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The failed pack walk…

The failed pack walk…


Being on a small suburban block we knew it was necessary to get the dogs out walking and getting to know their neighbourhood. As you may already know, coming from acreage they were used to running around off lead and when they went walking with my husband, they didn’t really see a lot of other dogs – the walk was for exercise and exploring not socialising. There was always lots of space and distance when seeing other dogs and that was perfectly fine for where and how we lived… but that had all just changed.


So off we went for our first walk in the neighbourhood… not 100m from home as we were walking around the corner of the footpath was a lady with a dog, before we knew it she was there, I was walking Wilma the Rottie and hubby had the Molly and Duke (for those that don’t know Molly is a 10yr Mastiff x and Duke is a 3yr 50kg Bull Arab), we were all a bit startled and off course Duke decides to react and wants to play – but he is on lead and he becomes very vocal and starts prancing all over the place like an idiot – this in turn causes Wilma to get cranky and she growls and very quickly it turns into a big mess and almost uncontrollable. Hubby’s tries to settle Duke down (but this makes him more excitable), I walk Wilma away and the lady quickly turns and scurries in the other direction with her dog.


FAIL, it was awful. It all happened in less than a minute on the side of the road, very close to home.


Has this happened to you? Have you seen it happen with someone else? Why did this happen and what can be done about it?


Well, there is a couple of options


1. Go home and cry and never walk the dogs again (which I felt like doing)

2. Continue on the walk but find a bit more open space

3. Think about what else we could have done or what we can do better

4. Make a plan and do some training

5. Learn to look around corners



What did we do? We continued the walk and found some open space, we cut the walk a bit shorter and had a bit of a discussion about a better plan of attack.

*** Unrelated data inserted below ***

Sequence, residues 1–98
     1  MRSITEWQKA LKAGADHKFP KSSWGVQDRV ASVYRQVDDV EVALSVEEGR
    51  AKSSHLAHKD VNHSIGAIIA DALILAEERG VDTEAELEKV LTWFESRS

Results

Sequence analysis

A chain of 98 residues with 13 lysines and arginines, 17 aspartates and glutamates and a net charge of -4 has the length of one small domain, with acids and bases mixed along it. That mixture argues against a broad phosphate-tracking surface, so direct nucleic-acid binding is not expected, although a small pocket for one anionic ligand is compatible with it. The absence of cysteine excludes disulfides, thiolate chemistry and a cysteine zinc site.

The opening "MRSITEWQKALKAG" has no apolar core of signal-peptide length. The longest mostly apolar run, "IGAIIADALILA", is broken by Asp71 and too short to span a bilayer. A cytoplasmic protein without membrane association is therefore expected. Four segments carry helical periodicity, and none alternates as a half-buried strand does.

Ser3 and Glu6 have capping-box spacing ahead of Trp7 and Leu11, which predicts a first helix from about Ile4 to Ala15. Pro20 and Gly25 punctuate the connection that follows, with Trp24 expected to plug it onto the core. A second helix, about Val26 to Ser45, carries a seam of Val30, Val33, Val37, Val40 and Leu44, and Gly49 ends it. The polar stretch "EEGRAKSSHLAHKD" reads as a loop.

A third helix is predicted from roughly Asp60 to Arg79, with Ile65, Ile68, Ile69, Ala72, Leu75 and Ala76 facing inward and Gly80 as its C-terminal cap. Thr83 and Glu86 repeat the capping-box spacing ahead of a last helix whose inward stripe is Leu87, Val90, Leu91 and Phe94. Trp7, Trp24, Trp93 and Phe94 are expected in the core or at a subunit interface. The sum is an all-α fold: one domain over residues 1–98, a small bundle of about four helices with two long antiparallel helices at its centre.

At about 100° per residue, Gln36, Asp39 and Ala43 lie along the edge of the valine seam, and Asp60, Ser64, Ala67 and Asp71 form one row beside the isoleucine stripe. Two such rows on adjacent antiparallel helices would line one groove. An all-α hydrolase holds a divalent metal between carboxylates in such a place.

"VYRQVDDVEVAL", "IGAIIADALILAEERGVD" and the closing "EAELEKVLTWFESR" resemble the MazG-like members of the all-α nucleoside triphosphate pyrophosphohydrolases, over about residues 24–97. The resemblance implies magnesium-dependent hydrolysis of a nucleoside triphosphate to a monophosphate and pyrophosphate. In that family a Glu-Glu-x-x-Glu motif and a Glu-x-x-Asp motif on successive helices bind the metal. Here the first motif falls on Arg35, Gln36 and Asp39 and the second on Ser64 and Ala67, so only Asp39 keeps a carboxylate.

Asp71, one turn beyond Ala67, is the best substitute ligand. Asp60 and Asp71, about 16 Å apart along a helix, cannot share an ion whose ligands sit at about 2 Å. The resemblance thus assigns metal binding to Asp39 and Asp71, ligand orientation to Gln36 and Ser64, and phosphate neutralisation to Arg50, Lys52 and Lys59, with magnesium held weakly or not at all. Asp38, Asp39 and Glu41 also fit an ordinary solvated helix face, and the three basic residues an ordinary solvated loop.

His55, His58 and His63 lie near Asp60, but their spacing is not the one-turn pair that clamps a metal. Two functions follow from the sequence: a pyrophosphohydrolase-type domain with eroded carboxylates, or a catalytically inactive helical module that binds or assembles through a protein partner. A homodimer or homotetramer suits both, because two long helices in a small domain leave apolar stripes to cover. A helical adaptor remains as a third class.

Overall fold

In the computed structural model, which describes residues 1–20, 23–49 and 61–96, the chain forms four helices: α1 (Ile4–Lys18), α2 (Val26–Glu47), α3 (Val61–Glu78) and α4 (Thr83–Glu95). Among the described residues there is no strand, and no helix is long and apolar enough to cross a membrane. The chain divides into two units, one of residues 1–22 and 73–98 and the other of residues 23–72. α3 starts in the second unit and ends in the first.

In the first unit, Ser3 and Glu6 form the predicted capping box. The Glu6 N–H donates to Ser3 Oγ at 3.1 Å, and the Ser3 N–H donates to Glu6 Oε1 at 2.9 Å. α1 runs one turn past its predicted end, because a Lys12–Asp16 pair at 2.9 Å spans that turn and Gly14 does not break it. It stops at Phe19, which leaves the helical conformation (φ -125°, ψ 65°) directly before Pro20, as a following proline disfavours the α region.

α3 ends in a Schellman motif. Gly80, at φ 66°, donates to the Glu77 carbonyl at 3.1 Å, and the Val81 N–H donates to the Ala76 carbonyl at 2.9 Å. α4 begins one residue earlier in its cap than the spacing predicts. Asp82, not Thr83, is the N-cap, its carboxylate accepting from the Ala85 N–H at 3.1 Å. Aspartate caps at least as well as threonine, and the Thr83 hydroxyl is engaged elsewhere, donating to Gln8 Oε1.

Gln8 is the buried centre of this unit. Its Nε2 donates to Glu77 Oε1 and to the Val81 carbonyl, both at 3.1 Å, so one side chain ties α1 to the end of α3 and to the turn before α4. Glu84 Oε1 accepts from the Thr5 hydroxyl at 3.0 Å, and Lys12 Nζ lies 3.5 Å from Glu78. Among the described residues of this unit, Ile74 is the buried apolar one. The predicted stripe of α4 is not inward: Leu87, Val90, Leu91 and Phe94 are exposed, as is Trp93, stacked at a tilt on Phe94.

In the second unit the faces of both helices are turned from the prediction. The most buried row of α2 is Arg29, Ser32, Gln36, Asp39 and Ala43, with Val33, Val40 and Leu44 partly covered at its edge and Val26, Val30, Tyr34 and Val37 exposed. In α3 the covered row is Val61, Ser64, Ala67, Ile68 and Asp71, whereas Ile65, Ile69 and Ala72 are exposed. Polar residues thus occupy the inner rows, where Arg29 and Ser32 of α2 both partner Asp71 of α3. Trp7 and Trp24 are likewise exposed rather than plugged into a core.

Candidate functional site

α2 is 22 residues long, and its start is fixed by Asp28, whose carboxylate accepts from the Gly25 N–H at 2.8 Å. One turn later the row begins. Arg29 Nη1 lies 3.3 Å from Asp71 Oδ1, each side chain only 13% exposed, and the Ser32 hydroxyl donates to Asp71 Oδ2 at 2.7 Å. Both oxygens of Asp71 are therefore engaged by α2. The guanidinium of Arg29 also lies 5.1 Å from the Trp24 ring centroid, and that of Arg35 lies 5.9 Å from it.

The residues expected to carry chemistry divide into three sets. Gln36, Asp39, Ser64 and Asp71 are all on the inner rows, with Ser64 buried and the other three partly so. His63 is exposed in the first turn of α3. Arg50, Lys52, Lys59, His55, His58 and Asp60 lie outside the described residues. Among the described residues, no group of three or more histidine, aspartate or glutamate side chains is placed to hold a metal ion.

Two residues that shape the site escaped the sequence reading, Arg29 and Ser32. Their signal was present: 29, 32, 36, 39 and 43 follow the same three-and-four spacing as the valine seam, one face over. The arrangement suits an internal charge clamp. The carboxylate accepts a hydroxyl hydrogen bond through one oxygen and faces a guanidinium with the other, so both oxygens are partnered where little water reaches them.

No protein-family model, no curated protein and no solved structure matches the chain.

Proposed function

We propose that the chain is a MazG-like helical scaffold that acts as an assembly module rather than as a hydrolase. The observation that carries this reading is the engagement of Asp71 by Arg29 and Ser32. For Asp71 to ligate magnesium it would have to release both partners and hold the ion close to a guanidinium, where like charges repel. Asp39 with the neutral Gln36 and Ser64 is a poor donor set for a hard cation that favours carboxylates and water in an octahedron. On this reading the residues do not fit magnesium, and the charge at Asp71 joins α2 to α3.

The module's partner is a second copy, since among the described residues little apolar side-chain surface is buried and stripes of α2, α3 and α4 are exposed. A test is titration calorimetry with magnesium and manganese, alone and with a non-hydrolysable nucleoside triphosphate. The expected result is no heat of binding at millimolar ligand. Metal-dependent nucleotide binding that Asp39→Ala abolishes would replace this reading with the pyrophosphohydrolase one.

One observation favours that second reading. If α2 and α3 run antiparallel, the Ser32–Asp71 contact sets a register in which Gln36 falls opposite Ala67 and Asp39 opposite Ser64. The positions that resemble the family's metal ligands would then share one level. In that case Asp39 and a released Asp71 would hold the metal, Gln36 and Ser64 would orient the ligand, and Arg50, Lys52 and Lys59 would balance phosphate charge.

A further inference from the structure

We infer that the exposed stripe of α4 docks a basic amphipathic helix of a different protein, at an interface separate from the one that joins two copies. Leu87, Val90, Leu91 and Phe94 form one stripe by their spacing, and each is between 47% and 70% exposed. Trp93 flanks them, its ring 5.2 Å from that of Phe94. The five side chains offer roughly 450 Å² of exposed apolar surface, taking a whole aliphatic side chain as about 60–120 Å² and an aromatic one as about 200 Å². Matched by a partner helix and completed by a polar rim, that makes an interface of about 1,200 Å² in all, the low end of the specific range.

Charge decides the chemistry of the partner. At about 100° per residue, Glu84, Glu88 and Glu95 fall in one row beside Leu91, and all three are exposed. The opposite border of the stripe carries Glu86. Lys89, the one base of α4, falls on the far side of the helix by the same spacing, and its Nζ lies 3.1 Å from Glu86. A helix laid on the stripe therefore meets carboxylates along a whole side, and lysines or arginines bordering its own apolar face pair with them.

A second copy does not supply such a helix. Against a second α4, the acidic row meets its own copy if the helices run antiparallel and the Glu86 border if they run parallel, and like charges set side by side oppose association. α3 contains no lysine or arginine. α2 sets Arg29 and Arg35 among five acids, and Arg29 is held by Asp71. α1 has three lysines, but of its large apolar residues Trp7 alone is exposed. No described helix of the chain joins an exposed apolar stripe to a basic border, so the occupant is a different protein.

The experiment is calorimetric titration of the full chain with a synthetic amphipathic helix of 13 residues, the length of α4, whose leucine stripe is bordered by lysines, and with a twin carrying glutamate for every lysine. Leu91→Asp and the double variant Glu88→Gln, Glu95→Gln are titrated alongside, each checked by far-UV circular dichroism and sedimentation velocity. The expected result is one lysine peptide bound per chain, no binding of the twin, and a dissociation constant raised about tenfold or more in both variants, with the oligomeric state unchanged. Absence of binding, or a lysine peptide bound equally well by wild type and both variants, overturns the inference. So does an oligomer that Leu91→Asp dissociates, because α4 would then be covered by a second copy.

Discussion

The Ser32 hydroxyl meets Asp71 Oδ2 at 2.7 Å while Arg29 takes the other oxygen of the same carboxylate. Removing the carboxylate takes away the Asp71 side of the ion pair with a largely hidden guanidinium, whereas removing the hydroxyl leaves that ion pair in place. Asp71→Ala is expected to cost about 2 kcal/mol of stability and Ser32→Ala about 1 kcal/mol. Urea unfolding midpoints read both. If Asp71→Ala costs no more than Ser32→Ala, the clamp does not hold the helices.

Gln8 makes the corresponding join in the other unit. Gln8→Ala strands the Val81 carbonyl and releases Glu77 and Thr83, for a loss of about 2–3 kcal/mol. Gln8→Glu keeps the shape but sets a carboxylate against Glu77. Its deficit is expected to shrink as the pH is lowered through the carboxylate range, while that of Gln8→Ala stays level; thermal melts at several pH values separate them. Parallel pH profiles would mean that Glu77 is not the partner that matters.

Hang on a second…’Aren’t you a dog trainer?’ – I hear you ask…. Yes, I am but my dogs aren’t perfect, they do a lot of things amazingly well and I understand them and they me. They have commands and tricks and their training up to this point was great for our lifestyle. But that lifestyle has just changed dramatically so it is important to think about why...


Why did this happen? There was a couple of contributing factors.

- Firstly, we were a ‘pack’ - hubby, me and three dogs. Duke especially is a lot more confident and vocal when he has Bruiser the Rottie to back him up.

- Secondly, we were in a completely new environment and the dogs – especially Duke was heightened, new sounds, smells, cars etc.

- Thirdly, we weren’t paying attention or prepared when suddenly there was a new person and dog and we reacted, which caused the dogs to react

- Fourthly, we had nowhere to go, it was hard to take distance and diffuse as we were next to a road on a footpath

- Fifthly, our dogs haven’t been conditioned to suburban life, they have grown up on acreage with their main pack.


What is the answer and how do I fix this problem? Stay tuned for the next blogs to find out and follow along with their progress.


(This is not a photo of our dogs!)


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2 commentaires


Michael Reid
Michael Reid
08 mars 2023

We've pretty much given up walking our dogs. The little poodle cross decided when he was about 3 years old he had to bark and go nuts at any dog. The black labrador learnt from that and so now does the same.... :-(

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Michael Reid
Michael Reid
08 mars 2023
En réponse à

So, a few weeks ago I took them out individually. Apparently the poodle cross cried the whole time I was out with the lab.

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